There are few things as heart pumpingly, epically exciting as starting your first business. There’s a kazillion things to think about, and it’s almost impossible to sleep at night with the thoughts about what lies ahead. This enthusiasm is valuable stuff and frankly, it’s worth bottling. Hopefully, this enthusiasm will last and your personal training career will be an awesome experience for you.

You do need to think about burnout and other issues, and learn strategies to protect and look after number one! In the personal training industry, YOU are your product, so you can’t afford to let your product suffer. Here’s some advice…

Watch your posture

Are you constantly stooping over clients to correct their technique? Are you squatting or kneeling a lot? Repeated stooping can be damaging to your spine, and standing for too long, while better than sitting, can fatigue certain muscles and compromise your posture. Remember to mix things up, sitting and standing throughout the day – and maintain good posture as you go. Stretching your back, hamstrings, arms and shoulders at regular intervals is important too.


On the subject of sitting, if you are training clients indoors, think about what you will sit on. Instead of static chairs, which have their limitations, try something easy to move on. Fit-balls are a great idea and are usually within easy reach. There are some uber-cool swivel chairs and saddles available with adjustable heights (definitely worth checking out), so you can take a break and sit from time to time while teaching, and easily swivel around or move yourself around the room freely and without strain.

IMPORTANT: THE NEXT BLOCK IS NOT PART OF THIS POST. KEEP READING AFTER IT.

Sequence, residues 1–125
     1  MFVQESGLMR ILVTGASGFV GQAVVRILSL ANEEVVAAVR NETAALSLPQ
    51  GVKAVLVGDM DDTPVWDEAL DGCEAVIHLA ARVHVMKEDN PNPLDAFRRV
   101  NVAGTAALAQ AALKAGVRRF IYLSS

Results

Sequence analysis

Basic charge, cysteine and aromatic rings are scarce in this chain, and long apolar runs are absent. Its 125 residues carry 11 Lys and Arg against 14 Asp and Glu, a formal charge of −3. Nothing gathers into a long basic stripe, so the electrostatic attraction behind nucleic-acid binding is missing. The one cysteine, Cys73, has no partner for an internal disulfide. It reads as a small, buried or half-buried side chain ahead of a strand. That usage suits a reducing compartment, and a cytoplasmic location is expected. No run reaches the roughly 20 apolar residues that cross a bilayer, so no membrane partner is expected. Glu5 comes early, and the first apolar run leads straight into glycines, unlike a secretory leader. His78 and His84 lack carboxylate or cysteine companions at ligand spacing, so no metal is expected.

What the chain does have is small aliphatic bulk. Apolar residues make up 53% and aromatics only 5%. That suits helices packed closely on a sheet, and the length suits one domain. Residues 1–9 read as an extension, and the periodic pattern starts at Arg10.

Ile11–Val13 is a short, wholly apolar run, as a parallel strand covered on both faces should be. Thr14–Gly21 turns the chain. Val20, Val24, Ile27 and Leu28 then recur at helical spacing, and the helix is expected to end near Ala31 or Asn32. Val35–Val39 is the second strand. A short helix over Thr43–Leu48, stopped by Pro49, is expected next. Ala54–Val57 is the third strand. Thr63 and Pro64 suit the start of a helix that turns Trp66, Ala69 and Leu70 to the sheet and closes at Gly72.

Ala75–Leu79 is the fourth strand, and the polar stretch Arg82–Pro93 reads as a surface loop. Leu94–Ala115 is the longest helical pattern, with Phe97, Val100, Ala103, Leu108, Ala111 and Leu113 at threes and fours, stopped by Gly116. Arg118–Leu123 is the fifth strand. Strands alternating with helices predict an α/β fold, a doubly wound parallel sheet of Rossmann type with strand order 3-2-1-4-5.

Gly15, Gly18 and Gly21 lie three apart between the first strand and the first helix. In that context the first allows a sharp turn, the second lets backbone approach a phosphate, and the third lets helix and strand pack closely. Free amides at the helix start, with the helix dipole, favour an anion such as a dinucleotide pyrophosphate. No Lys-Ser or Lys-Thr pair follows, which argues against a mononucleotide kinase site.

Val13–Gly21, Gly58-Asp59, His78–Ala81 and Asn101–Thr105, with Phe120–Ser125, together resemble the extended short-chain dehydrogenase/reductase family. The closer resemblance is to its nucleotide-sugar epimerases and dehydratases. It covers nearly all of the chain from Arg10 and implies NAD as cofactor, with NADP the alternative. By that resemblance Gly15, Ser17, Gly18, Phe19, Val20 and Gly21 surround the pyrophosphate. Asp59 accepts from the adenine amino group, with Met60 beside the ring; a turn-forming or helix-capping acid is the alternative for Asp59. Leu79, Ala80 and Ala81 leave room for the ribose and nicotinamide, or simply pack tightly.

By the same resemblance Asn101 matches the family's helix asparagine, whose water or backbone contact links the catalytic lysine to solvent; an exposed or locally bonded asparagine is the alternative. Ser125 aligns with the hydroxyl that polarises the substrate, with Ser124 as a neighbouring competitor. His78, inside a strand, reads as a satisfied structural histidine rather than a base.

Bending over

Repeatedly picking up after the client is a trap. Not only does it make your clients overly reliant on you, but continually flexing is a strain on your back. Obviously you’ll have to pick things up off the floor from time to time, but it’s extremely important to get the client to pick up after themselves. Alternatively, think of when you can train people on devices at waist level. Instead of continually setting your clients floor level exercises, requiring you to bend over, try mixing it up with bench based exercises.  This way you can work above ground level – which means less bending!